Universal Design

Deaf kids Code: A Promising Practice in Introducing Computer Programming

People who are deaf or hard of hearing experience a higher level of unemployment and under employment. In today's world, many products have been created to support interaction between deaf and non-deaf individuals. Work in accessible technology and other computing fields is a lucrative career opportunity, potentially for everyone. Having strong computing skills is essential because of the role of computers in almost every field.

How can workplaces be more inclusive of colleagues who are deaf or hard of hearing?

Much can be done to make a workspace more accessible to and inclusive of colleagues who are deaf or hard of hearing. Universal design can provide a framework for doing so by underpinning practices that can be applied proactively to make a welcoming and environment and to ensure that appropriate accommodations are available specific individuals.

The Neurodiversity Initiative: A Promising Practice for Promoting Disability Awareness in Higher Education

The Neurodiversity Initiative at the College of William and Mary seeks to educate the campus about the positive aspects of embracing neurodiversity, and ultimately to be a model for other campuses. As stated on their website, "The Neurodiversity Initiative is an innovative program that is raising awareness on our campus of the vast array of brain differences and cultivating an appreciation of the many kinds of talents we can nurture at our historic institution.

What is neuroethics and how does it relate to people with disabilities?

According to the National Institute of Health (NIH) Brain Initiative website, neuroethics is “a field that studies the ethical, legal, and societal implications of neuroscience.” The strategic plan for the NIH BRAIN Initiative, BRAIN 2025: A Scientific Vision, emphasizes “Although brain research entails ethical issues that are common to other areas of biomedical science, i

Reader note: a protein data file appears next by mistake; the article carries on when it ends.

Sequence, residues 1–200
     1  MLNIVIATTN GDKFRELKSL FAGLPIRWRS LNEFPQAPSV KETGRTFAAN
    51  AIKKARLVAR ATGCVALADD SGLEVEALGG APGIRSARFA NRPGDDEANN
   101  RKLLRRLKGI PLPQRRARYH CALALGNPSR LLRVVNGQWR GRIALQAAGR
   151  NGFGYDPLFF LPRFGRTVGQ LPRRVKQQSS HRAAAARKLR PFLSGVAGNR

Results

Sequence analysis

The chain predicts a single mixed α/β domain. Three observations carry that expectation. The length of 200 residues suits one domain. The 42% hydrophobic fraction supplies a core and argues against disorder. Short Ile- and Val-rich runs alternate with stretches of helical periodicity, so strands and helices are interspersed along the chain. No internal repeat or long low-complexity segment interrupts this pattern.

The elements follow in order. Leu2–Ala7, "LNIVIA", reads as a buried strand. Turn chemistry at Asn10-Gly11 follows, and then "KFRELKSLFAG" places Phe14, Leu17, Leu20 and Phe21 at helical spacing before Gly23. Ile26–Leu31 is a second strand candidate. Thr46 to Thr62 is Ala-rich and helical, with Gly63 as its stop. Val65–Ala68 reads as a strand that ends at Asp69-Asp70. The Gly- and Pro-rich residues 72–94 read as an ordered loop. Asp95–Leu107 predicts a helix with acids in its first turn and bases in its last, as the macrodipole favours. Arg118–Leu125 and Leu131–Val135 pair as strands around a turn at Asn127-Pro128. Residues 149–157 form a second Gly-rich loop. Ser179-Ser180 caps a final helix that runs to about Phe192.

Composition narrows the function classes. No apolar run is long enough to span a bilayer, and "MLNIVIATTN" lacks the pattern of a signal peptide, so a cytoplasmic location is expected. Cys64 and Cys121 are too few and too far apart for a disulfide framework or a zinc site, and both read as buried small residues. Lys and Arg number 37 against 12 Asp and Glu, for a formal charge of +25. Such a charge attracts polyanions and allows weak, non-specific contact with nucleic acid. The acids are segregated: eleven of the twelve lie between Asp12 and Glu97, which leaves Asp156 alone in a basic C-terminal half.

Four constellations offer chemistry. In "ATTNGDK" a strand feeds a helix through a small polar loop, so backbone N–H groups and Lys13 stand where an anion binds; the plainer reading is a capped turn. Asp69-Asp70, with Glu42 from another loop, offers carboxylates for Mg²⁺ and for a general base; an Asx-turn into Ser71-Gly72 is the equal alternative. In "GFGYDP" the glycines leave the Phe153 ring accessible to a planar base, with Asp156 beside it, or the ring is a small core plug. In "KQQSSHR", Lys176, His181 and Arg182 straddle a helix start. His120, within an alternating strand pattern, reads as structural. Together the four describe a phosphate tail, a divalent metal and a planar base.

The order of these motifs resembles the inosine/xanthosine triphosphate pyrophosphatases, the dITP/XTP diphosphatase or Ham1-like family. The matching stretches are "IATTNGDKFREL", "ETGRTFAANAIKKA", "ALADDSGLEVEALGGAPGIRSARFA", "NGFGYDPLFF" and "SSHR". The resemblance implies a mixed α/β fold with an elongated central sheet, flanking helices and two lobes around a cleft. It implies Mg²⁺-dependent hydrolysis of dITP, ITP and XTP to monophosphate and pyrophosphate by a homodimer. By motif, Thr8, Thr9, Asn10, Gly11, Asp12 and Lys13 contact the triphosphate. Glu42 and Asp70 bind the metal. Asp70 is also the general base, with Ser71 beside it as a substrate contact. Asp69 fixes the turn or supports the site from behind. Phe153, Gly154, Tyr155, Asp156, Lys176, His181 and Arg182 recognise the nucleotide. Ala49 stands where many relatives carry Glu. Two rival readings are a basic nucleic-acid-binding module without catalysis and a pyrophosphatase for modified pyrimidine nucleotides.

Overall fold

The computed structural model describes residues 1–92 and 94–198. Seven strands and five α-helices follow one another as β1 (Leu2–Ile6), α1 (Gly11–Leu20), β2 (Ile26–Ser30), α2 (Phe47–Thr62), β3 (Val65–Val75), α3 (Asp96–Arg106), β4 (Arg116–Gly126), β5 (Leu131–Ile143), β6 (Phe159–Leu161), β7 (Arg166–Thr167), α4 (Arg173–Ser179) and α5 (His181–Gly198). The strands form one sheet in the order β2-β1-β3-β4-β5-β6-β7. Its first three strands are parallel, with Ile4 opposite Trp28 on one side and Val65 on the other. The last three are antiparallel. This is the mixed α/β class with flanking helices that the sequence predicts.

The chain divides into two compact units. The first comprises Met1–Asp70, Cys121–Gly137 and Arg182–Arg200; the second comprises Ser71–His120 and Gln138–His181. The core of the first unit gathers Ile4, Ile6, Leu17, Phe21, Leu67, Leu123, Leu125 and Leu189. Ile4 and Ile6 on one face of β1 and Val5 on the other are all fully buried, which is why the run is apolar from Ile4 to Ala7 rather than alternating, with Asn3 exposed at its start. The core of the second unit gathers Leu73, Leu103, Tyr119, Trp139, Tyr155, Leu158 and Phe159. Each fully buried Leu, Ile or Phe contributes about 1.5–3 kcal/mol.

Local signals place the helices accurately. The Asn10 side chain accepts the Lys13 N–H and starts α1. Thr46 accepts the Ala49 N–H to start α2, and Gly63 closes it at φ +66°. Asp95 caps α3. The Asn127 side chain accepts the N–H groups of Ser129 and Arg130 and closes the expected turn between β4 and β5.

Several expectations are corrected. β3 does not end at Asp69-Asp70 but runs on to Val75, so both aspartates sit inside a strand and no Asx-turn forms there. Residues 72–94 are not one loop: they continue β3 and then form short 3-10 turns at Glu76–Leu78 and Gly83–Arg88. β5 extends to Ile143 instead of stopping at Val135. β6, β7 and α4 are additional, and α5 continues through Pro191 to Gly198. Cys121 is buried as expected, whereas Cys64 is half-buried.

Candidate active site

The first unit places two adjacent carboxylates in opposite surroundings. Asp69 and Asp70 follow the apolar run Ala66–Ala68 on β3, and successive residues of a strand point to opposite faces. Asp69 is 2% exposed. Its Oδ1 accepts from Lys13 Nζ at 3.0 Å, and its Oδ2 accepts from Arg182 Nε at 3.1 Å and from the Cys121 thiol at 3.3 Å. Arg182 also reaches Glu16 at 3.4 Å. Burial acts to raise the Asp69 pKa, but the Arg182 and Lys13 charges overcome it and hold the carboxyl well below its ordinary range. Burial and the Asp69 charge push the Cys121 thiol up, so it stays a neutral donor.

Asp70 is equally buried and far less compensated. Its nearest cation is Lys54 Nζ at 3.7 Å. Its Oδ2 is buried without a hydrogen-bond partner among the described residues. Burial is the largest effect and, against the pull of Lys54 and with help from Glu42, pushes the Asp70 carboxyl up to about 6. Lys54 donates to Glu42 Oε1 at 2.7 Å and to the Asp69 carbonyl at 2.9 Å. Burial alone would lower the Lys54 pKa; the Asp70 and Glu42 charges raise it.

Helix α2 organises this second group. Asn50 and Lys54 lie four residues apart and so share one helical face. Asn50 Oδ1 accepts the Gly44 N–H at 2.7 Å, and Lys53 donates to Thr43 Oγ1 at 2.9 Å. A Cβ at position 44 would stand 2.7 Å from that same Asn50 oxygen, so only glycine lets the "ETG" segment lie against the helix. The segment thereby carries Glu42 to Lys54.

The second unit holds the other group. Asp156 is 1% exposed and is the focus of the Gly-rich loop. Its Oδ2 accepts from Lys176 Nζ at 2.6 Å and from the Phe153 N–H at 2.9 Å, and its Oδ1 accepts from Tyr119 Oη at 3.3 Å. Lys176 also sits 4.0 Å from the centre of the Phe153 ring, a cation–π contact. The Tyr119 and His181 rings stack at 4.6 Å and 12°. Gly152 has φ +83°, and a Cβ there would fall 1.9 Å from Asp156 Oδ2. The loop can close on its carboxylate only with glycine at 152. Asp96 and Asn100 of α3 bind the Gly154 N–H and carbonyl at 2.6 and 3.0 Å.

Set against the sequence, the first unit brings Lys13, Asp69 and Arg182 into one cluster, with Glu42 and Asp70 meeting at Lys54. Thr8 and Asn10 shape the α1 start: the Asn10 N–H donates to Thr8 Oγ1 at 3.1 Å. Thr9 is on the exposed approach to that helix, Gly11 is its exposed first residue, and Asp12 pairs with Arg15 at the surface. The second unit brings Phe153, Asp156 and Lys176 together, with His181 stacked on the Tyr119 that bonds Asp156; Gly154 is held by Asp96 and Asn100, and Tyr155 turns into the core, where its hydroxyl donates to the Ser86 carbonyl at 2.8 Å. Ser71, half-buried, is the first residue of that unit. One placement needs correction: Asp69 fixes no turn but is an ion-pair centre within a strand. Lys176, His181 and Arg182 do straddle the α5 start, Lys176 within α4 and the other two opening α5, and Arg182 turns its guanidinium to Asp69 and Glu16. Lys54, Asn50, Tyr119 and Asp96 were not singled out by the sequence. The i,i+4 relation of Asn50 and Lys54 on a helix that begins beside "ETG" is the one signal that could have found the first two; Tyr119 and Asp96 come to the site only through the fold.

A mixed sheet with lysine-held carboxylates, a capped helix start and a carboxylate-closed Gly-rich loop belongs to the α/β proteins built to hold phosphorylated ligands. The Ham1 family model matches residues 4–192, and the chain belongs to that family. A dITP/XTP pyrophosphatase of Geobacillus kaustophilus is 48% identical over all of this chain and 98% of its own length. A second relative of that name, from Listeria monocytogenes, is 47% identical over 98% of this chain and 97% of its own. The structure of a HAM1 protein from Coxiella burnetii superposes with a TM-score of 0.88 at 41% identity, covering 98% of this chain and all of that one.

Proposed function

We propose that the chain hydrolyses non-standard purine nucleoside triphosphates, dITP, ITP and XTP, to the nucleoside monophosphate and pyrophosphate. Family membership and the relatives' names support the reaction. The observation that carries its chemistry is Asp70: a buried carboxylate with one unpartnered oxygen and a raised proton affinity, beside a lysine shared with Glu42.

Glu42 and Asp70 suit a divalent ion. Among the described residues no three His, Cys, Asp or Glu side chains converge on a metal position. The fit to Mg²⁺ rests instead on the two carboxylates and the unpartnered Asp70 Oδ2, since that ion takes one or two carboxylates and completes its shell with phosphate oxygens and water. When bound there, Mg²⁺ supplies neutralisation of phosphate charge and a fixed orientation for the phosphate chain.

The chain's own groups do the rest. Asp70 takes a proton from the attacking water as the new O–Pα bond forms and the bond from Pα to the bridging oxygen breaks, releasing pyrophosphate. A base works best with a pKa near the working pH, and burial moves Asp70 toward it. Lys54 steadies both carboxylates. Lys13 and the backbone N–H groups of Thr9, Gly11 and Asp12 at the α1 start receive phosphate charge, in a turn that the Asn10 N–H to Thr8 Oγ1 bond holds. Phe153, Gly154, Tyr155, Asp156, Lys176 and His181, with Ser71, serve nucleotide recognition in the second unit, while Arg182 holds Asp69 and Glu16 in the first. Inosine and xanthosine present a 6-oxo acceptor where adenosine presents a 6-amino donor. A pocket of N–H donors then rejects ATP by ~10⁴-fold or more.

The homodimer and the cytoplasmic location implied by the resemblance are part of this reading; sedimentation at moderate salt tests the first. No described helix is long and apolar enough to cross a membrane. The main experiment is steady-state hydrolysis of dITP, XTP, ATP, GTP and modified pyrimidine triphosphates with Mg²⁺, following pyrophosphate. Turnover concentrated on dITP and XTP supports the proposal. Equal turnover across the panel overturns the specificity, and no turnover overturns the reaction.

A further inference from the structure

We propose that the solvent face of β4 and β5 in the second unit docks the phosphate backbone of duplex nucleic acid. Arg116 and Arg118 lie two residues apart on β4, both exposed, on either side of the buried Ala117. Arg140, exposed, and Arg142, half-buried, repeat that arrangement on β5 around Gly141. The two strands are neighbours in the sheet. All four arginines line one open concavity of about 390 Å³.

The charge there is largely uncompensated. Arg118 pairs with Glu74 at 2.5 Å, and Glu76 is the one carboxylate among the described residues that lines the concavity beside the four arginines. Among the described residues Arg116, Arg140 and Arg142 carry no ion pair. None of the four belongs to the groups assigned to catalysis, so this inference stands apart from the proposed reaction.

How do I include information about universal design in curriculum related to informal STEM learning?

DO-IT’s Access to Informal STEM Learning (AccessISL) project has developed resources to help educators include information about universal design in curriculum related to informal STEM Learning. The document Pedagogical and Content Design Practices that Support Accessibility and Inclusion in Museology Courses shares information about the following:

How can I use my learning management system to make my course more accessible to everyone?

Steps to making an online course accessible include

  • Structuring content using headings,
  • Creating alt text for images,
  • Create meaningful hyperlinks,
  • Created structured lists,
  • Include table headers,
  • Captioning and audio-describing videos,
  • Uploading accessibly-formatted content, and
  • Using accessibility checkers to find barriers to accessibility.

Options in Canvas, Blackboard, Moodle, and other learning management systems (LMSs) for making courses are described below.

How does Art Beyond Sight promote equal access to art?

The goal of Art Beyond Sight is to “empower cultural institutions to provide accessible and inclusive environments for all of their patrons, including people with disabilities and their families.” The Art Beyond Sight website shares relevant resources—including text, images, audio, and video—for classroom teachers, museum educators, and the general public. Provided they follow user guidelines, site visitors are encouraged to utilize materials and adapt them for their own non-commercial use.

How can STEM academic departments be more accessible to and inclusive of faculty with disabilities?

As institutions seek to leverage the benefits of diversity, application pools for faculty positions have become increasingly diverse, inclusive of faculty with disabilities who bring unique and valuable perspectives and talents to the workplace. However, the inaccessible design of the employment application process, as well as many campus facilities, software tools, services, and online resources, continue to erect barriers to some applicants and employees with disabilities, including those who are also members of other marginalized groups.